In this interview, we covered the following key points:
1. The precise definition of heresy: I explain how heresy is not simply disagreeing with the Church or holding different opinions on non-infallibly defined matters. Heresy is an obstinate denial of a truth that should be believed by all, as defined by the Church.
2. The misuse of heresy accusations: I address the trend of casually throwing around heresy claims, particularly against the Pope, without proper validation or understanding of its gravity as a canonical crime.
3. Heresy disguised as tradition: I explore how heresy often presents itself as a return to a purer form of tradition, distorting the true teachings of the Church and undermining its authority.
4. The development of tradition: I delve into the nuanced nature of tradition, emphasizing that it allows for growth and development beyond a superficial interpretation. I also highlight the need for a comprehensive understanding of tradition, considering historical and cultural contexts.
5. The inspiration behind the book: I share my journey of uncovering the parallels between modern-day traditionalists and early Protestants, which led me to write “Heresy Disguised as Tradition.” I explain how the book explores various heresies throughout history and their patterns of claiming a return to a purer form of faith.
6. The role of the Magisterium: I discuss the mechanisms through which the Magisterium accurately interprets tradition and why it is the most faithful interpreter. I also emphasize the importance of relying on the Magisterium rather than personal opinions.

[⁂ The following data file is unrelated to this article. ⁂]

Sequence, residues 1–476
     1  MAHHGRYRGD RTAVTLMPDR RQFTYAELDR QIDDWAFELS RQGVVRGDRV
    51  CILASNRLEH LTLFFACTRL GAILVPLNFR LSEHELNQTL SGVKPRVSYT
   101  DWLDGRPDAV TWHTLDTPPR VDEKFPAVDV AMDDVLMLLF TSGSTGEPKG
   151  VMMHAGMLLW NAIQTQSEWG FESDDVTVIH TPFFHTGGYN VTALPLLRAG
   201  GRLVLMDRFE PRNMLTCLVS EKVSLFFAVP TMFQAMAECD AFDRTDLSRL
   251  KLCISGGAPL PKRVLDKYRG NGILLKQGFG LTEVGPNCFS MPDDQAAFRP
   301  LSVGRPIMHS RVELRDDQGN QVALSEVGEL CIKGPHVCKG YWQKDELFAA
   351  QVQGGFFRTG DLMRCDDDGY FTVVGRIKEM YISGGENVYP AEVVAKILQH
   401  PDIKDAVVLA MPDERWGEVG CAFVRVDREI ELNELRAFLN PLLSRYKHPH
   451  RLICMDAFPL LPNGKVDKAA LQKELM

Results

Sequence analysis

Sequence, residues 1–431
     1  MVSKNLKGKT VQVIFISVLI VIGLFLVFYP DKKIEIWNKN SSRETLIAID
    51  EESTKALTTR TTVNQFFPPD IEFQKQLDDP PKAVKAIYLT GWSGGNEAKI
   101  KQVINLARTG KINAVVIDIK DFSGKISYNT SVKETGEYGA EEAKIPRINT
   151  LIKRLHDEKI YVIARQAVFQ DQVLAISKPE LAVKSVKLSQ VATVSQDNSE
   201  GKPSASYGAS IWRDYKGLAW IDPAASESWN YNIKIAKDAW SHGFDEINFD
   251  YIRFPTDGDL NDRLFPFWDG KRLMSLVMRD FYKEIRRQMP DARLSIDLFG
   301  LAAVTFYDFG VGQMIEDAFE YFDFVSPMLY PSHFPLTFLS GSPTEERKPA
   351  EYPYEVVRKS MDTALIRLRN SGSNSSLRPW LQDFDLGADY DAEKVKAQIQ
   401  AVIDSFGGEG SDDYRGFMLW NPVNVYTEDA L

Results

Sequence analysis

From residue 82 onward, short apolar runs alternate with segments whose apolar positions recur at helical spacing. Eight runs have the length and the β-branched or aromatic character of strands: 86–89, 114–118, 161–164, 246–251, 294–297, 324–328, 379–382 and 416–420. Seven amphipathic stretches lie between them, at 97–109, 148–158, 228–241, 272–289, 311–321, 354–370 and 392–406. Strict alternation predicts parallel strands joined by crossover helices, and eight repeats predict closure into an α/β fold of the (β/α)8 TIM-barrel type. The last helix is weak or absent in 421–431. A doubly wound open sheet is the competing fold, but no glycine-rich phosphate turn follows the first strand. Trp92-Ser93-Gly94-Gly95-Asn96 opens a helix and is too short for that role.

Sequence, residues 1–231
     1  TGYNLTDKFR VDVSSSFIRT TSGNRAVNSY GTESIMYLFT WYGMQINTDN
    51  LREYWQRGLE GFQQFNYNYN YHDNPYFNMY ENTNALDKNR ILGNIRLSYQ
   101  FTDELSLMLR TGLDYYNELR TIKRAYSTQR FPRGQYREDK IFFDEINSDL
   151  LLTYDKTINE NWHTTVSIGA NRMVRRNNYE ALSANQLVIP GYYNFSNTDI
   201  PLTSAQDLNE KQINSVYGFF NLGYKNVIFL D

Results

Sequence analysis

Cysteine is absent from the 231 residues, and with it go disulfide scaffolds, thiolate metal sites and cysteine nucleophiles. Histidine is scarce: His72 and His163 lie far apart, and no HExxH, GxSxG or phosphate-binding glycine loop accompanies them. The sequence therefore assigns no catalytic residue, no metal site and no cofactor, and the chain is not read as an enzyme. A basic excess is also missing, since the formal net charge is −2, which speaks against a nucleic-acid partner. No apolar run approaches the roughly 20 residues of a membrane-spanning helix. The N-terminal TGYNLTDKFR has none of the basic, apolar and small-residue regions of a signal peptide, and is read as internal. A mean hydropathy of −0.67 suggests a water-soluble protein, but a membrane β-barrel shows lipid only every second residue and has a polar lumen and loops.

I’m also going host a Workshop where you can meet the author and ask any questions about the book or about me as a writer. It’s going to be held on February 10, at 11 am (EST). Here is the link to register. I’m looking forward to seeing you there!
Pedro Gabriel, MD, is a Catholic layman and physician, born and residing in Portugal. He is a medical oncologist, currently employed in a Portuguese public hospital. A published writer of Catholic novels with a Tolkienite flavor, he is also a parish reader and a former catechist. He seeks to better understand the relationship of God and Man by putting the lens on the frailty of the human condition, be it physical and spiritual. He also wishes to provide a fresh perspective of current Church and World affairs from the point of view of a small western European country, highly secularized but also highly Catholic by tradition.